Storyteller is a classic Navajo jewelry design that has roots in Navajo Folk Art. The storyteller design gives homage to how the Navajos traditionally did not have a written language, so all history and traditions are passed on orally. The scenes depicted in storyteller jewelry tell the story of the traditional Navajo way of life, which may include a hogan (traditional Navajo home), weaving, drumming, chores, horses, sheep, cooking, campfire, or Southwest scenery. The details can get quite intricate and are most commonly displayed on cuff bracelets. Storyteller jewelry is typically made with the overlay technique, which involves one layer of silver with a cutout design laid on top of a solid layer of silver. Storyteller jewelry is one example of how art can serve as a beautiful medium to share aspects of cultures, beyond written text.
One of our favorite storyteller designs is by Navajo silversmith, Cody Hunter, who creates “Inner Beauty” cuffs. On the outside, these cuffs have a sandstone texture and 14k gold petroglyph symbols. On the inside, these cuffs reveal a beautiful multi-layered storyteller scene. The true beauty of this bracelet is on the inside, hence the name, "Inner Beauty.” Cody’s storyteller designs vary slightly; some showcase a grandmother telling stories to children or some have a weaver at the loom. All of his pieces bring to life the striking landscape of Canyon de Chelly, sheep herding, horses, a hogan, and a 14k gold sun.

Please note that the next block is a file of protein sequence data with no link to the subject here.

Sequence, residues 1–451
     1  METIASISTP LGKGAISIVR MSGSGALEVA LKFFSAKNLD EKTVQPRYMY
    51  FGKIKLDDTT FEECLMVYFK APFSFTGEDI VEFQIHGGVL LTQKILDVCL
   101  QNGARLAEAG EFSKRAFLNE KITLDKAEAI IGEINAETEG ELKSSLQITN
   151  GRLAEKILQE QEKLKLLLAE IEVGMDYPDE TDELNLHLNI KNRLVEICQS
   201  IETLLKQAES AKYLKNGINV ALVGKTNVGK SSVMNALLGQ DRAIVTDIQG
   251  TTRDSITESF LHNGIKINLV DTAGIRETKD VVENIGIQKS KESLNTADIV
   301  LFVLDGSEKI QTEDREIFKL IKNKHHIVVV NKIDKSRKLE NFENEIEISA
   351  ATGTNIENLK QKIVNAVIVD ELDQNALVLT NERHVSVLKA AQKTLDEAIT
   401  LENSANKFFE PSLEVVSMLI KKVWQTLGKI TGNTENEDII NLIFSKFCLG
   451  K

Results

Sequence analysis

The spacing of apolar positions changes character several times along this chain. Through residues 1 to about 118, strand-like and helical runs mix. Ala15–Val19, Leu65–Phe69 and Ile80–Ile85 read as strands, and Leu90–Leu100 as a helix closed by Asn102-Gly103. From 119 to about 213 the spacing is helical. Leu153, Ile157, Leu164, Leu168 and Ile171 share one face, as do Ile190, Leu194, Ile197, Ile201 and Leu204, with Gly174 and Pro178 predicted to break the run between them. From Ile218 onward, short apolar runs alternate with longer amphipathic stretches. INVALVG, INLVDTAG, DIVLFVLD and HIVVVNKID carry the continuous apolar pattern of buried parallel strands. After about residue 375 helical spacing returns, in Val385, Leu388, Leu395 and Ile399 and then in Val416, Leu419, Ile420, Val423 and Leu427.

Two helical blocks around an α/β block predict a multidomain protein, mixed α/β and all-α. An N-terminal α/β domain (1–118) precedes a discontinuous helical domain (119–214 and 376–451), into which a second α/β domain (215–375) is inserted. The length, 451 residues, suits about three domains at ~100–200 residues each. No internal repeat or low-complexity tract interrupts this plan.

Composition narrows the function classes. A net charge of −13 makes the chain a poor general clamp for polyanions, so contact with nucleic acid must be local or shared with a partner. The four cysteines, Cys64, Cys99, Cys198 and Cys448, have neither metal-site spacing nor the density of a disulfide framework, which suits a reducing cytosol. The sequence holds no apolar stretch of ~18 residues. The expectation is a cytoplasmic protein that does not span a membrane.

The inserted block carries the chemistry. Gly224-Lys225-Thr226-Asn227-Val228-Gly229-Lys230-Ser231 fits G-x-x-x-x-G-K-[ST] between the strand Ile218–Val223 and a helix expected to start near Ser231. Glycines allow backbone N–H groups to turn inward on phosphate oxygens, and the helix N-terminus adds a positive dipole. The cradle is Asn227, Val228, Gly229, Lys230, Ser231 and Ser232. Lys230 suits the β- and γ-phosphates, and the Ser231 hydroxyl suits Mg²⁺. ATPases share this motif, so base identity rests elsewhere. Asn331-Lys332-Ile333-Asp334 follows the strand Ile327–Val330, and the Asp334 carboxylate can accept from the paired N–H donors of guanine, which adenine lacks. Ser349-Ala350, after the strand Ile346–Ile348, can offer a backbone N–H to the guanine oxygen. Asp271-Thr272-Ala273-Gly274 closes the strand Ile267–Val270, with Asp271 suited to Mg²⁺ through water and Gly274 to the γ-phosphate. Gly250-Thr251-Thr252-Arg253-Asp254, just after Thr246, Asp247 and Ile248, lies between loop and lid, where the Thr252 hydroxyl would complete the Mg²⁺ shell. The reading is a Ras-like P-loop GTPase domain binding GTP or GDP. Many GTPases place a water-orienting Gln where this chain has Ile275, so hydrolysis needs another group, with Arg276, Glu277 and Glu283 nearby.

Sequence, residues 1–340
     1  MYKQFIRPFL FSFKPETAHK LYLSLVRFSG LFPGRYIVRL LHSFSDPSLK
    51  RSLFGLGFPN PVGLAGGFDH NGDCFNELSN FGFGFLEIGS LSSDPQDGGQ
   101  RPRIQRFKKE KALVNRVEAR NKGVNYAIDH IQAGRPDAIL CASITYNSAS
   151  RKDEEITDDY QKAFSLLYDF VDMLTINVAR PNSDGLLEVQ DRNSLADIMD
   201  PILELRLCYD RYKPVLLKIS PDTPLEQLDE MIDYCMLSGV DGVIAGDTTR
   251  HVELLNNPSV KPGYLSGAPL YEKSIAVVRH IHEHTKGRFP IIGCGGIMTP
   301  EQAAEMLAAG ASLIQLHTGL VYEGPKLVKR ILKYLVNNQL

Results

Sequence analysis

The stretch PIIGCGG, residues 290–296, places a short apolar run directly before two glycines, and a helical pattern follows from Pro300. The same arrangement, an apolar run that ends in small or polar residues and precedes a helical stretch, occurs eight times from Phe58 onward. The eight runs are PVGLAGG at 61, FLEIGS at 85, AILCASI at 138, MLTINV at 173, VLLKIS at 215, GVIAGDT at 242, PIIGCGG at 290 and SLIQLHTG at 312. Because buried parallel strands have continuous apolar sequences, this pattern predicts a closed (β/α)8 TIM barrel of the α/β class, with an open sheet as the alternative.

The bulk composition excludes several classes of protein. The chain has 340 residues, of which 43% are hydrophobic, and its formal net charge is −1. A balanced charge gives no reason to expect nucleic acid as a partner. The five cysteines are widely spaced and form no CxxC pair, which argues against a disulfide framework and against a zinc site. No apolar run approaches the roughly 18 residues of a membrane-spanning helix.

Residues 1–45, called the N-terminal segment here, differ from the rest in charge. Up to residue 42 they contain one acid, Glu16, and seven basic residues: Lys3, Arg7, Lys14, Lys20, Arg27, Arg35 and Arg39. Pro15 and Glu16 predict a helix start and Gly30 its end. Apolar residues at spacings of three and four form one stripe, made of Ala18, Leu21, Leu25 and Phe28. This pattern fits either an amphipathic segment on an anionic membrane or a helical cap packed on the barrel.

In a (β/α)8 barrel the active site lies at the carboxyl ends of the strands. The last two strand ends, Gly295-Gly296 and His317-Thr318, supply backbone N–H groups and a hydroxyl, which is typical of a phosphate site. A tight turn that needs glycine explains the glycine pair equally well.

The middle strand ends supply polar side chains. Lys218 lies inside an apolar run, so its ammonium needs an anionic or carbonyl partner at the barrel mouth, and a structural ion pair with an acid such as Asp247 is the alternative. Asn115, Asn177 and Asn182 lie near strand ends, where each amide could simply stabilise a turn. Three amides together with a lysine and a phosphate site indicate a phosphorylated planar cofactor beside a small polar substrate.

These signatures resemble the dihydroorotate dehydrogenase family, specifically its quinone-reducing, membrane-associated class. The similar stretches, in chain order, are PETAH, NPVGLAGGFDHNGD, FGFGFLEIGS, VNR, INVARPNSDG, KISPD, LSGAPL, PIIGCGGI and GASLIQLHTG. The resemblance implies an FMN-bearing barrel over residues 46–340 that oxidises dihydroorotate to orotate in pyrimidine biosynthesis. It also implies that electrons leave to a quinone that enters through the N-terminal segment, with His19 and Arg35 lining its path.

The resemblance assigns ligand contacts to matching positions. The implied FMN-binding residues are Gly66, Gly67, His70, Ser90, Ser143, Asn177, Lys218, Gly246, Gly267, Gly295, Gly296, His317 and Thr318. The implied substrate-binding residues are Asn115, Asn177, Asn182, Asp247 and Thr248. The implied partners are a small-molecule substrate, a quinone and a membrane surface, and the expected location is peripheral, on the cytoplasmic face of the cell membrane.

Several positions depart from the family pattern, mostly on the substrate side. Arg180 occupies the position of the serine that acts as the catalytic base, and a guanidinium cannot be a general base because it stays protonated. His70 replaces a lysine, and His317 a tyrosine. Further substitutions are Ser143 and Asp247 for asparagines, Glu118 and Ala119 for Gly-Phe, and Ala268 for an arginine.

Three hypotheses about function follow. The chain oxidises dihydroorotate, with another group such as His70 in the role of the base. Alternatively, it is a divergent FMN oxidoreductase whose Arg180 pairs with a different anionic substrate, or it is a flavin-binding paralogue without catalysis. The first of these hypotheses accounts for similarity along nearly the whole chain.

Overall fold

Another one of our favorite storyteller artists is Navajo silversmith, Robert Taylor. Robert grew up in a hogan where his father was a medicine man and his mother was a weaver. Robert cherishes his traditional upbringing and continues to live in the same place where he was born. His pride in his Navajo culture is reflected in his iconic storyteller cuff bracelets that tell the story of Robert's life on the Navajo Reservation.
Although each bracelet is one-of-a-kind, they share similar symbols and the basic story often includes these elements:
- Red rock formation as seen in Monument Valley
- Two cows representing the raising of cattle
- An outhouse with someone about to enter
- A rack where butchered sheep were hung
- An outdoor bread oven
- The rug loom with Robert's mother weaving
- The traditional hogan where the family lived
- Sheep dog and horses that were used to herd the sheep
- One or two sheep
- The open sky with its big clouds and ever-present ravens
- On both sides of the cuff’s opening, Robert places an arrowhead or healing hand
Some artists, like Roland Begay, incorporate more contemporary elements within their storyteller designs, like a truck:
No matter the various ways Navajo jewelers create their version of the storyteller design, the intention remains the same: to share the story of the Navajo / Diné way of life.